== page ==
Chad Yakobson - Crooked Stave Artisan Beer Project
Selecting fruit is all bout getting the right fruit for the beer. We look at flavor, aroma, acidity, sugars and ripeness.
Selecting the right beer for the right fruit is very important. Overly sour beers with acidic fruit don't work well. You want a subtle acidity if the fruit is one that leaves a lot of acidity. You have to remember that the sugar ferments and you're left with acidity and flavor from fruit.
We like to work exclusively with whole fruit. We get it in fresh, from growers we know and then add it to the beer right away. The majority of the time we start with "finished" beer so the acidity is already in there. Therefore the yeast and bacteria culture is present already when we add the fruit.
Aging times and amounts can vary greatly. You might use 1-2 pounds per gallon of some fruits and 4+ for others. It really depends what you are looking for. People love to cram a ton of fruit into a beer. But that doesn't make it the best beer or the most balanced or complex beer. So showing grace in how you add fruit and how much is important.
Racking the beer off of fruit and using temperature to drop out the fruit is very important. This is what we use our large oak foeders for. We add large amounts of fruit back into our foeders and use them just like a wine maker would making wine. We then have a nice flat bottom to rack the fruit off.
Walt Dickinson - Wicked Weed Brewing
Wicked Weed is producing some of the most fruit forward and balanced beers in the country. Watch and learn how they source fruit, process that fruit, and then use it to influence the refermentation of their beautiful sour and farmhouse beers.
Jeffrey Stuffings - Jester King Brewery
To start off, we only work with fresh fruit or fresh fruit that has been frozen. We don't use any extracts, concentrates, flavorings or anything of that sort. I think there's no substitute for the real thing. We look for fruit with a lot of aromatics and tartness -- the aromatics for obvious reasons and the tartness because it complements our beer. We sometimes take oak barrels of beer that have nice characteristics, but otherwise lack acidity, and referment them with highly acidic fruit. While we've used out of state fruit before, we also select fruit based on what's available locally. We're not trying to approximate flavors from elsewhere, but rather create something unique to our location. Local fruit helps toward this end.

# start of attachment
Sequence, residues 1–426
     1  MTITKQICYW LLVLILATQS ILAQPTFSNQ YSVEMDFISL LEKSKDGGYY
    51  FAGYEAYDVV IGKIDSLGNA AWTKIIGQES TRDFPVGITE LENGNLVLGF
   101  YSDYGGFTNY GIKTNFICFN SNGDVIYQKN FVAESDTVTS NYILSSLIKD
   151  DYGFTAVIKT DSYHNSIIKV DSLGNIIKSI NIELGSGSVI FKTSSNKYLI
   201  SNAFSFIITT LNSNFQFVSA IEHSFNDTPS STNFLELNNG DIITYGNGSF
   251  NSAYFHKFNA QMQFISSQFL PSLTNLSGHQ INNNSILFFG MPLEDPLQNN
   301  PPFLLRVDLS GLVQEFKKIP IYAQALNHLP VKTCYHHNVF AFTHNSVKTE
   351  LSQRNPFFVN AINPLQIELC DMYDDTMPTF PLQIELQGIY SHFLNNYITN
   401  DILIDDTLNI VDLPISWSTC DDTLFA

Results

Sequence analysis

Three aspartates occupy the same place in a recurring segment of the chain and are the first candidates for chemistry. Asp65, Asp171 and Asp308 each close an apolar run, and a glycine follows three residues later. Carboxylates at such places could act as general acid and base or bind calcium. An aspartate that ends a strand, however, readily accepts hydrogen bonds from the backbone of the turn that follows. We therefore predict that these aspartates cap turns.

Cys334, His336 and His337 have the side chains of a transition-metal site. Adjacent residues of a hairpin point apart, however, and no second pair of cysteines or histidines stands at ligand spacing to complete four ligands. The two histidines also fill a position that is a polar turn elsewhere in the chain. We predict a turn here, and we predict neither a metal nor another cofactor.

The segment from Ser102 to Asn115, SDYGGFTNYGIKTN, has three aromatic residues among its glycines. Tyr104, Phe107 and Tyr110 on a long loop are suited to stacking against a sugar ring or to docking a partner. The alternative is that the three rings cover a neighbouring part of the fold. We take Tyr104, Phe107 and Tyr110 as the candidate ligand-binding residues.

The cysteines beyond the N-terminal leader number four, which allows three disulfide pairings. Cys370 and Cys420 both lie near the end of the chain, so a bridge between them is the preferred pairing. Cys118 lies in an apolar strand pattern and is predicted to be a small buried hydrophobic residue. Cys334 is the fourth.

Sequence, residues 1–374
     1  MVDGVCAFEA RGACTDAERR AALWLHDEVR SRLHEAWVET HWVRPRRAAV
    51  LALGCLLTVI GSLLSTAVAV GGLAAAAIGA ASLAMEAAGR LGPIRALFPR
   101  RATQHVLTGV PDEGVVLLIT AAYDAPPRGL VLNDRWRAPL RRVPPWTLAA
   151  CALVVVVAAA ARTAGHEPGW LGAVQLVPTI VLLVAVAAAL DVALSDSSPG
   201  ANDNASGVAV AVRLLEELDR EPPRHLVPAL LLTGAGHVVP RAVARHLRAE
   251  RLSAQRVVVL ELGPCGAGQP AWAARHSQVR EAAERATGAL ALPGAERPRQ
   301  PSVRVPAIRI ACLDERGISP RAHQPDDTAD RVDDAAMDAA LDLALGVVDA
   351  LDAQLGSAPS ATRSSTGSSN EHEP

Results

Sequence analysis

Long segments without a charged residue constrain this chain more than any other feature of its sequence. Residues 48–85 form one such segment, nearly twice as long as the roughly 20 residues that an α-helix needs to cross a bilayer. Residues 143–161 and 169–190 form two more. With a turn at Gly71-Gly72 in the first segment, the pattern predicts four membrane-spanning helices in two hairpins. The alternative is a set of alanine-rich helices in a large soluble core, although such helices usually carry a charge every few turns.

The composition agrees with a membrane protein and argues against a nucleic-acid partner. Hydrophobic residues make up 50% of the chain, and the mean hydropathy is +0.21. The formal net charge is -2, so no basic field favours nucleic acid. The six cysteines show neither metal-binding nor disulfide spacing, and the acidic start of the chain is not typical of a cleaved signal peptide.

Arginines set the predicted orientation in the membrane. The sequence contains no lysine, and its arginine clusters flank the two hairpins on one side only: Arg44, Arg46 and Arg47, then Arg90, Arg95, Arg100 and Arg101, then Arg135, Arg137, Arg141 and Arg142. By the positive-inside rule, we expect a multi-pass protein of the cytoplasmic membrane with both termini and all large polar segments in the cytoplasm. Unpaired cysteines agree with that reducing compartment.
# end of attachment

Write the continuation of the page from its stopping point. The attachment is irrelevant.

With regard to considerations prior to adding fruit, we start out by looking for barrel aged beer that's tasting pretty mature. The beer should be completely attenuated and shouldn't be exhibiting any off flavors like acetic acid. It's ok for this beer not to be the most stellar beer in our barrel program. Our favorite barrels end up getting blended and packaged without fruit refermentation. Since so much of the fermentable sugar is coming from the fruit with our fruit refermentations, and because we're using a high ratio of fruit to beer (2-4 pounds per gallon), the fruit character can overshadow some of the subtle fermentation characteristics. Therefore, we choose barrels that we're happy with, but otherwise have something holding them back from being our favorite. For instance, maybe they lack acidity or the aromatics aren't as vibrant and complex as we'd like. In our case, we're not reintroducing microorganisms when we referment with fruit. The yeast and bacteria in the old, barrel aged beer break down the sugars in the fruit.
Our process: We make a base beer that we age in neutral oak barrels for 8-14 months. The base beer has an original gravity around 1.038 and has a grist of malted barley, raw wheat, and oats. We boil the wort with a blend of fresh hops and aged hops aiming for about 10-15 IBU in the finished beer. We initially ferment in either a foudre or stainless steel tank, prior to transferring to neutral oak barrels for long term maturation. We then select barrels, rack to a stainless steel tank or foudre filled with fruit, and allow refermentation to occur naturally. We conduct "punch downs" on the fruit to get good flavor and color extraction and to prevent the fruit cap from drying out, which can lead to the growth of acetic acid. After about 4-6 weeks of fruit refermentation, we rack the beer off of the fruit and package it. We sometimes do a second refermentation of the fruit. That is, we referment the fruit with mature, barrel aged beer, rack the beer off of the fruit for packaging, then rack another beer onto the "spent" fruit for another refermentation and/or extraction of fruit flavor and aroma. This yield a beer that's more subtle in terms of fruit flavor and aroma, and allows more of the characteristics of the base beer to shine through.